They Spent thousands of dollars and won court challenges to secure fresh water for Mono Lake, a remote, land-locked basin in the eastern Sierra Nevada suffering from high salinity. And environmentalists continue to battle agricultural interests and bid cities to increase freshwater flows for the San Francisco Bay-Delta estuary to protect fish and wildlife.

The Salton sea, however, is not part of the campaign to save the state's wetlands.

"It is one of the issues that the environmental community is going to have to address in the future. It is a major resource of the state and there are some major problems in the sea and it's something we're going to have to look at," said Mike Paparian, California director of the Sierra Club.

Groups such as the Sierra Club rely heavily on grassroots momentum to guide their agenda. But local activists have not seized the Salton Sea as a cause.

"Most of our work is done by people volunteering their time on issues like air quality, toxics or desert lands. We just haven't had many people come through our volunteer structure" to demand improvement for the sea, Paparian explained.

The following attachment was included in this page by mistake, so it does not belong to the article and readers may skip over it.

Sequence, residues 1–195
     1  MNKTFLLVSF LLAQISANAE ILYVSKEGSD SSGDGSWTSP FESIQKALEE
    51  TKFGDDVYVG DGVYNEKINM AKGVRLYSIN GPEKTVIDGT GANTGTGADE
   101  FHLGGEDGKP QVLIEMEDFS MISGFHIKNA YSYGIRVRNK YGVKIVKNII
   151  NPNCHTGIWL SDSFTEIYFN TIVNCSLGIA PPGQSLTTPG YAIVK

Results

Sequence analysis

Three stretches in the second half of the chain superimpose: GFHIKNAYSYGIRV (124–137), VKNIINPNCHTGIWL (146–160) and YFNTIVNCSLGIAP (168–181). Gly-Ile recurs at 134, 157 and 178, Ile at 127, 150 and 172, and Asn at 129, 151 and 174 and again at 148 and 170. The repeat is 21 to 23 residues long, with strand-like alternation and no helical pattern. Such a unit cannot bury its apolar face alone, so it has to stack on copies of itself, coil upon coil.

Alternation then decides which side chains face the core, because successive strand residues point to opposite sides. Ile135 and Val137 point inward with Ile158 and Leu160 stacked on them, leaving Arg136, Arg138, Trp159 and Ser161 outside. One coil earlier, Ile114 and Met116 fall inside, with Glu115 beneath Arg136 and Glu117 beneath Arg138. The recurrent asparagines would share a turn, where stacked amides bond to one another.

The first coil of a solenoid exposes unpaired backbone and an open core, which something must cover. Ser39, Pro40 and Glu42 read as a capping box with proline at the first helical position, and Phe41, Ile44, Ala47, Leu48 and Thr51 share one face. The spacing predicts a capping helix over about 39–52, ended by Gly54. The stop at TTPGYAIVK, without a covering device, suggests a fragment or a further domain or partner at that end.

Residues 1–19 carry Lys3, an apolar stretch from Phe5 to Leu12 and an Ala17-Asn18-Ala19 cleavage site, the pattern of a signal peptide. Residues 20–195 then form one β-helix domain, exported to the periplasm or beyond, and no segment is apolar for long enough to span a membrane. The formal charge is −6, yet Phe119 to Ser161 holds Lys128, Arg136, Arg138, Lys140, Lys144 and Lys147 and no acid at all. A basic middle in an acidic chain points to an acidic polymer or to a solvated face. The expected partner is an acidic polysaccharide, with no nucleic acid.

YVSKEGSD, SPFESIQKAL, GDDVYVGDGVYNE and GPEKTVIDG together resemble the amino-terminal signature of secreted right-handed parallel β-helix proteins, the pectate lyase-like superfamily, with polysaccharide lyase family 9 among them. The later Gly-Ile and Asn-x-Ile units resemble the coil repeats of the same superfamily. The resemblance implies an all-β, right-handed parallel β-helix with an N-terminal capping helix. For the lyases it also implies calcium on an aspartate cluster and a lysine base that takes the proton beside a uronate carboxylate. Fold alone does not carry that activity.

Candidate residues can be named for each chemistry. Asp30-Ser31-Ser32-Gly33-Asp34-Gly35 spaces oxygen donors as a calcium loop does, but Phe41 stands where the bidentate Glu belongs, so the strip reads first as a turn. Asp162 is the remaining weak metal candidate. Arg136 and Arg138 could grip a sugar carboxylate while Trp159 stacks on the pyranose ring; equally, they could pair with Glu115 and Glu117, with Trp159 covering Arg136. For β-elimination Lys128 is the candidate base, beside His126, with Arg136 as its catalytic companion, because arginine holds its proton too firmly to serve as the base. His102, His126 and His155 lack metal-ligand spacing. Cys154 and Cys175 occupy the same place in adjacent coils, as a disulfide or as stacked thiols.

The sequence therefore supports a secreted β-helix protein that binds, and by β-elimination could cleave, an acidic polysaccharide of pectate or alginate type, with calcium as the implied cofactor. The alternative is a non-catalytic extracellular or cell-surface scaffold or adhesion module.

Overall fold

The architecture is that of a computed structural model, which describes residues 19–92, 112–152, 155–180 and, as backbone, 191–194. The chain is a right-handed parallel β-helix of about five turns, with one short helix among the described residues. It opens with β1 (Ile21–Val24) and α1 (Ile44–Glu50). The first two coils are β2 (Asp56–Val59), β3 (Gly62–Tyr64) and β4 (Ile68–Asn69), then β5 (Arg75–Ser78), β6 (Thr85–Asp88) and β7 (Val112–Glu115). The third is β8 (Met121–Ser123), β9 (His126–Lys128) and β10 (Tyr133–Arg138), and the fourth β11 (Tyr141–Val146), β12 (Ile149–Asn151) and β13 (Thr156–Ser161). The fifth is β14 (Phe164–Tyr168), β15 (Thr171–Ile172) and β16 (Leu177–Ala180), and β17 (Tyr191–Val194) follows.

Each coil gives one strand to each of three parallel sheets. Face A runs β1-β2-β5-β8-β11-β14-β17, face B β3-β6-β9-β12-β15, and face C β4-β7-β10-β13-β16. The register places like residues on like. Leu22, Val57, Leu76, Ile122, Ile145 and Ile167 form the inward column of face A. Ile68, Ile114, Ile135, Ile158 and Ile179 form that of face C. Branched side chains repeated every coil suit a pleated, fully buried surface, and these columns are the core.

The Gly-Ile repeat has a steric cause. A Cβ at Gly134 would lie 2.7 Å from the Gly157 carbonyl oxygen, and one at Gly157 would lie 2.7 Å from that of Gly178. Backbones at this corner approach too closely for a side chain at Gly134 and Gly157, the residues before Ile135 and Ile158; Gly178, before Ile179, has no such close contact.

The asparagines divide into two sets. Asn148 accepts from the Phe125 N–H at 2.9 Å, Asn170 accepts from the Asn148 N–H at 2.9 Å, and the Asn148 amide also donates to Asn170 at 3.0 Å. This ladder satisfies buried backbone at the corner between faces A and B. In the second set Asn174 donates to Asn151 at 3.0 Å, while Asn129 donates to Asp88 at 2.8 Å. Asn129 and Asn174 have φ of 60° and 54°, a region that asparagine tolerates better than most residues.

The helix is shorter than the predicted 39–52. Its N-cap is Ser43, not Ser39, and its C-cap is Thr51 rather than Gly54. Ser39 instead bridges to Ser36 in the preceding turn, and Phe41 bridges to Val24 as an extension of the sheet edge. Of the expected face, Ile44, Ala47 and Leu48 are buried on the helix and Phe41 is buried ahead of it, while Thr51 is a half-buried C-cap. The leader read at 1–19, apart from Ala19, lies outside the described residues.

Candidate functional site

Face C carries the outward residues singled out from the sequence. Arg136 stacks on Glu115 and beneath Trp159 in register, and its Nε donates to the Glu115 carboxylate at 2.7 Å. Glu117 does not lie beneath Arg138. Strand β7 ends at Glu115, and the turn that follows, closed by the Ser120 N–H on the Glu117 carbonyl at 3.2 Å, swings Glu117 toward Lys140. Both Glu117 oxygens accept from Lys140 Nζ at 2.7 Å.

The sea is sometimes perceived as the ugly stepchild of environmental causes. It has not fired hearts or triggered rushes of emotion like other imperiled wild lands in California.

Glorious snow-capped Sierra peaks of granite and sapphire blue water frame the shores of Mono Lake. At the Salton Sea, dead fish occasionally wash up and rot on the beach.

The intricate twists and turns of rivers running through the Delta make it a mystery like the Nile. The sea occasionally belches malodorous gases, a symptom of its biological productivity but an unpleasantry sometimes detected up to 50 miles away.

"The Salton Sea lacks some of the natural beauty and there's this fear that something's not quite right in the water," Ayala said. That deters visitors, which in turn reduces the sea's stature, which ultimately shortchanges activism.

In California's never-ending water wars, the sea appears to have become battleground fodder.

As Southern California's population swells beyond 15 million people, the search for enough water for urban areas is more intense than ever. Traditional sources -- Mono Lake, the Delta, Owens river or the Colorado River -- have been effectively blocked or tapped out.

Suddenly, fresh water flowing into the sea stands out as a big, undefended target.

"The Salton Sea is the compromise. People will fight for environmental things up in Northern California and coastal areas. But they're willing to let the Salton Sea go. The environmentalists have made a choice and the choice is the Salton Sea is given up," Ayala said.

Agriculture has dominated the Imperial and Coachella valleys for the past century. Local environmentalists say they have learned to tread carefully around such a formidable foe.

"The Imperial Valley is anti-environmental. It's very conservative. We've got a lot of big companies farming and environmentalists and big companies don't mix down here," Ayala said.

Said Borneman of the Audubon Society, "It's hard to start a chapter by taking on the whole agricultural industry."